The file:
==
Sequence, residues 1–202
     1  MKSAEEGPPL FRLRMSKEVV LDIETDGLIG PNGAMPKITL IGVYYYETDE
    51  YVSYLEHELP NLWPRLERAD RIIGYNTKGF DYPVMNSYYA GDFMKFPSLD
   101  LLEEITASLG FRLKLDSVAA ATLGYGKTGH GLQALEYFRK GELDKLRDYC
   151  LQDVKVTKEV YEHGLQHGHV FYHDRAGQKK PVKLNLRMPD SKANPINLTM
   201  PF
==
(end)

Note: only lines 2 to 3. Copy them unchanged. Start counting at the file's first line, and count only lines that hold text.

     1  MKSAEEGPPL FRLRMSKEVV LDIETDGLIG PNGAMPKITL IGVYYYETDE
    51  YVSYLEHELP NLWPRLERAD RIIGYNTKGF DYPVMNSYYA GDFMKFPSLD